Checked out the new Matt Damon flick Downsizing… a mis-marketed sci-fi comedy or satire or something about shrinking people to save the world. It’s not much of a comedy… though it is a satire… and the trailers are really not being very up-front about what it is. But maybe that’s because the movie is “about” five different things so how do you market that?
The basic premise is that scientists have found a way to shrink people in order to help an overpopulated Earth use fewer resources. Your money goes a lot further when everything you buy is tiny… so your nest egg that buys you a small home buys you a mansion in the small world. And, hey, you save the world while you’re at it.
The film follows Matt Damon’s character before, during, and after the shrinking process. It shows how he adapts – and everyone else is adapting – to the new small world. This portion of the movie is a bit of a satire about consumption and the limited things we do to save the Earth. As in, do we actually change our lifestyles or do we just make a small change that allows us to live even larger without changing our conspicuous consumption. So it’s a bit of social satire.
And then the movie points out that, even in our tiny mansions, someone has to clean the floors. So we get some political commentary about how other countries might use the technology on their unwanted and how Americans would take advantage of a tiny workforce. And then the movie wants to be about the end of world and how we deal with it. And it has a couple more themes on top of that.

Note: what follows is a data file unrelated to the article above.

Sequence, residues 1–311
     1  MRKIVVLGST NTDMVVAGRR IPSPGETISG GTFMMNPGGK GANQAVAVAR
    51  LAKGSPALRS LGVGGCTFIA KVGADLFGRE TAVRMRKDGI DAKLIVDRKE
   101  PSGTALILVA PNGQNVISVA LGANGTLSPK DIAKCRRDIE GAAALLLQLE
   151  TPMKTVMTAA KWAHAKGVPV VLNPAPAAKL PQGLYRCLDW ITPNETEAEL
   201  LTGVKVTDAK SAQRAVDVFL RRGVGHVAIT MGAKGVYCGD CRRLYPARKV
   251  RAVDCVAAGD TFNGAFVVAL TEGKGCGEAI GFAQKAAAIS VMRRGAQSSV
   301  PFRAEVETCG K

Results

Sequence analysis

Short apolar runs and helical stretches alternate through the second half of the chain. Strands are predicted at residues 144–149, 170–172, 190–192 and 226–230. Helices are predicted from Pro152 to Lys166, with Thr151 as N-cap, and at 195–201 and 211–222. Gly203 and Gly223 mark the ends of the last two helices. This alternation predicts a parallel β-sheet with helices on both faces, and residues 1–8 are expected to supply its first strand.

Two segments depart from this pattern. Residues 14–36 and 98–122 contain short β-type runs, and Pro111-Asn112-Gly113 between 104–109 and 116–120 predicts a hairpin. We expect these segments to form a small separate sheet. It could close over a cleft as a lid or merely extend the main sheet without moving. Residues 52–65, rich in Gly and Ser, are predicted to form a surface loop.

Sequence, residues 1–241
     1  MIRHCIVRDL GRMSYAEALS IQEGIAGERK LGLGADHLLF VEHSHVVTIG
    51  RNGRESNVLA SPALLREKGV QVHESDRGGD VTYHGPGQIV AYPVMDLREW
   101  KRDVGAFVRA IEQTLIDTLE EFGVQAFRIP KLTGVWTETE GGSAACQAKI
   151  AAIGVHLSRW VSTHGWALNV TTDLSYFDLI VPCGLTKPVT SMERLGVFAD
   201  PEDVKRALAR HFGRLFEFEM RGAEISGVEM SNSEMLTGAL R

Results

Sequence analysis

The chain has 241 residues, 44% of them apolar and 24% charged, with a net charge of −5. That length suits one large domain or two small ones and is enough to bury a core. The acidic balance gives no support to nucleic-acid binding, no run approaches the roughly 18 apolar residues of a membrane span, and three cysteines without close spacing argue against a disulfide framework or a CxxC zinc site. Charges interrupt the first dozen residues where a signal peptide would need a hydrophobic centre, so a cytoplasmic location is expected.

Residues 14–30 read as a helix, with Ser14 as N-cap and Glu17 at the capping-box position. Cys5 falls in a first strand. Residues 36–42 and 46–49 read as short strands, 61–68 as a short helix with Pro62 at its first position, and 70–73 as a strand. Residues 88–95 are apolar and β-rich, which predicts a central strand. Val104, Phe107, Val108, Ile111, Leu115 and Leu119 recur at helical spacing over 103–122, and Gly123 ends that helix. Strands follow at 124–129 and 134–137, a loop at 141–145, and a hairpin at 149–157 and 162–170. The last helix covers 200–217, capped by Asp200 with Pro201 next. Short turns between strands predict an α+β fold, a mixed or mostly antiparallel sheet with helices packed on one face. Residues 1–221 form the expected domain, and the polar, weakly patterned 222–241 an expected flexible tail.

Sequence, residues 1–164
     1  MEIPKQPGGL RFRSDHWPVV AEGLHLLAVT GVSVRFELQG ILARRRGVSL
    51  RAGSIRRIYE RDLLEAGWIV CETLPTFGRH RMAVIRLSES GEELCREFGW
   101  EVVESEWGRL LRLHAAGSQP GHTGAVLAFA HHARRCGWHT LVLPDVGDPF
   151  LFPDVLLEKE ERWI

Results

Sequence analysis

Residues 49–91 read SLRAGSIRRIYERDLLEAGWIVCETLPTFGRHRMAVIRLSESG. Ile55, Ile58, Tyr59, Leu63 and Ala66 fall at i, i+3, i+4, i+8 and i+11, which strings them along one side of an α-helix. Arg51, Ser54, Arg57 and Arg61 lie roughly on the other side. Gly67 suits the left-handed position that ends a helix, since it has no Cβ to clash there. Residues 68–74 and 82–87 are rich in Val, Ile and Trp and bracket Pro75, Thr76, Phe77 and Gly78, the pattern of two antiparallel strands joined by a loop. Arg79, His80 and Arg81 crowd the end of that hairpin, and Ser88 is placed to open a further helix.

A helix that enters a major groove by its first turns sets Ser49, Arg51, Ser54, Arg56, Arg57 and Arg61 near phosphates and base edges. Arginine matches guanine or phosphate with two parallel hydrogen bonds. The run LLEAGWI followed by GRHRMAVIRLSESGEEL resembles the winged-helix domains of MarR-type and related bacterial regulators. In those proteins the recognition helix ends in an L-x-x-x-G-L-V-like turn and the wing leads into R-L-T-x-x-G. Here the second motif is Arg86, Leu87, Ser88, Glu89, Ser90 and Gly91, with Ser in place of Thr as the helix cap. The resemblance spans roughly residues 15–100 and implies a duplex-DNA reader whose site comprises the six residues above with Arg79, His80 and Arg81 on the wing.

The movie is all over the place and is occasionally funny. I was always interested in where it was going but it was a bit shaggy getting there. I respected it though since it was telling a full, complete story and following the threads it was putting down. One thing the movie is NOT though is outrageously funny and it doesn’t do as many visual gags as it could given the scenario. Nor does it give typical “shrinking people” type scenarios like giant insects or spiders (even when it would have made logical sense).
It’s an uneven, sometimes unfocused film but I found it interesting even as it unwound itself slowly… probably too slowly for a mainstream audience. I was compelled to keep watching even though I recognize it’s flaws. I kind of recommend it though. It’s not the movie they are advertising and it occasionally preachy, but it’s heart is in the right place and it dares to tell a complete, detailed story.